Most people associate travel healthcare jobs with, well… travel. While travel nursing can be the catalyst to a jet-setting lifestyle — dotting the map with each new assignment — many enjoy the flexibility and benefits of travel nursing close to home.
Peter Gallinelli and David Bradley are two travelers with RNnetwork who seek out assignments in and around their home states of Indiana and Michigan, respectively. They enjoy all the benefits of working as a travel healthcare professional — higher pay, flexible scheduling, and greater control over their careers — while staying close to home and the people and places that matter most to them.
A new home base
David Bradley, a trauma and orthopedic certified surgical tech, began traveling when his full-time hospital went through budget cuts. He was originally attracted to working as a travel professional as a means of earning more toward his financial goals.
Initially, Bradley accepted assignments all over the country. But after many assignments in Michigan and the surrounding area, he grew to love the area and made great friends. In the last few years, the majority of assignments he seeks and accepts are right in Michigan.
“I’ve done so many assignments in Michigan and made so many friends. I just love it here. I’m calling Michigan home,” says Bradley. “It’s beautiful in the summertime, it’s beautiful in the winter. I haven’t even begun to explore everything I want to in Michigan. I’ve got years of bucket list things I want to do here.”
Bradley is selective about assignments, and he’s careful to take breaks between assignments in order to avoid burnout. He and his RNnetwork recruiter Chris have established an open, communicative relationship that has led to success in finding the right travel assignments.
“I like the fact that after I’ve completed an assignment, I have that freedom to take time off. The traveling lifestyle has afforded me the ability to take time to look for the perfect assignment,” says Bradley. “Chris and I have a great relationship and we work well together. He knows what I want, and where I want to go, so he focuses on that. I’ve had great success with Chris.”
Two nurses, one household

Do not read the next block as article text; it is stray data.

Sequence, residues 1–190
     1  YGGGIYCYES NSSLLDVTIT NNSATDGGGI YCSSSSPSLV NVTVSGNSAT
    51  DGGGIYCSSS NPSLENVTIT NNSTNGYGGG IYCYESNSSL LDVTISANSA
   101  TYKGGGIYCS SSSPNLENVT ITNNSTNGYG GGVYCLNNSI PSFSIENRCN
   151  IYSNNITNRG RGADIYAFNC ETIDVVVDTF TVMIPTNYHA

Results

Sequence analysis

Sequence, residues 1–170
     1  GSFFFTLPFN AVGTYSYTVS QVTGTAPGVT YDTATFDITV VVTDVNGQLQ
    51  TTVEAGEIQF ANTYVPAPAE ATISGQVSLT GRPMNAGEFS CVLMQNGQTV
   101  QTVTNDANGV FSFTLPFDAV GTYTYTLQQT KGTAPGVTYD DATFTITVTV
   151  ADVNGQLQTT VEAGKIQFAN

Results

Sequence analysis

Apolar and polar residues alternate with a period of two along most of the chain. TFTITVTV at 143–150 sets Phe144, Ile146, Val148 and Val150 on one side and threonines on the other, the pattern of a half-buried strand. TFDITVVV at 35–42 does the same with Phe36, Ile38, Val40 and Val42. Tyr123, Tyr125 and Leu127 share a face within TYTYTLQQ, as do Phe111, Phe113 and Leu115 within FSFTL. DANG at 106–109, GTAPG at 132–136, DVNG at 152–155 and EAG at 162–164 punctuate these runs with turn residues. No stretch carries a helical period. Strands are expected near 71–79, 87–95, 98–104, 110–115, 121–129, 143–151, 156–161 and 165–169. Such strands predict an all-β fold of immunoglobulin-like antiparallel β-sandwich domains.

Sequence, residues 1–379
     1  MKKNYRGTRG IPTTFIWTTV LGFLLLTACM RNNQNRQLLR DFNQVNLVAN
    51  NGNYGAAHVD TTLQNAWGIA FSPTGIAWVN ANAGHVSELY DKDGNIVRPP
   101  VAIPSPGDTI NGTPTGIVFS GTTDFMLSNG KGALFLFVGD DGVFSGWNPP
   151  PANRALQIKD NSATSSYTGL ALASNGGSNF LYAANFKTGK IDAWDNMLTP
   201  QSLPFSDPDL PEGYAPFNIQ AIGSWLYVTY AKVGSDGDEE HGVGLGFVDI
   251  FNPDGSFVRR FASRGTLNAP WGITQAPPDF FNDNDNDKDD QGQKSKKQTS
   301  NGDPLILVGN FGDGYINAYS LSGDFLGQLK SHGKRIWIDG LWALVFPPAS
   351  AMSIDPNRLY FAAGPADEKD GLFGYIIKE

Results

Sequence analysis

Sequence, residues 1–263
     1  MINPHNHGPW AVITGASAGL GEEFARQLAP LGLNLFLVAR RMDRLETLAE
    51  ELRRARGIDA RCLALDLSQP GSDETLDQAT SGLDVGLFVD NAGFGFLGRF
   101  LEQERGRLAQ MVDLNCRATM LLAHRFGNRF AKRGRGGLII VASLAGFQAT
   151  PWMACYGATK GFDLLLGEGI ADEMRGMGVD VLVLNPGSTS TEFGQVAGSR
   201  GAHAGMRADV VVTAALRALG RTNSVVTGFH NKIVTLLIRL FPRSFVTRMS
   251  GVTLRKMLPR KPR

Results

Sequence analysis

ICU nurse Peter Gallinelli began travel nursing to help bolster his family’s income and help facilitate a schedule that could accommodate both his and his wife’s professional pursuits. He and his wife — also a nurse — sought a complementary schedule that allowed them to be home with their three kids. Gallinelli looks for assignments where he can work three consecutive weekdays, and then spend the balance of his week at home with his family while his wife works.
Gallinelli works closely with his recruiter (also Chris) to find opportunities in a reasonable travel radius that qualify as travel assignments, while still staying close enough to home to meet his household’s schedule and needs.
“Chris has been really instrumental in helping me find jobs where I can organize my entire workweek into consecutive days — it’s very necessary for our lifestyle,” says Gallinelli.
Gallinelli’s initial foray into travel nursing didn’t go as well as he’d hoped. When his first assignment went poorly, he elected not to continue with travel nursing. But after working with his recruiter and speaking with other travel nurses, he made up his mind not to judge all travel based on that one experience. He decided to give it another try and his next assignment went so well, he ended up renewing multiple times to complete a full year.
“I was really fortunate to work with great staff. I had a wonderful experience with wonderful people who treated me like part of the team from day one,” Gallinelli says. “Now Chris has been able to help me find a second position that will allow me to continue this schedule. The new facility has been a lot like the last one — everybody wants to help me and make sure I’m comfortable getting my feet wet.”
For nurses interested in the benefits of travel nursing, but for whom traveling long distances is not ideal, Gallinelli offers this advice:
“Ask. Just ask. Don’t think anything is impossible or that it’s crazy to request or that you can’t get it. Tell your representative what your needs and hopes are, what you require and what your deal breakers are. If you can find a good scenario, that’s what makes the job worth it.”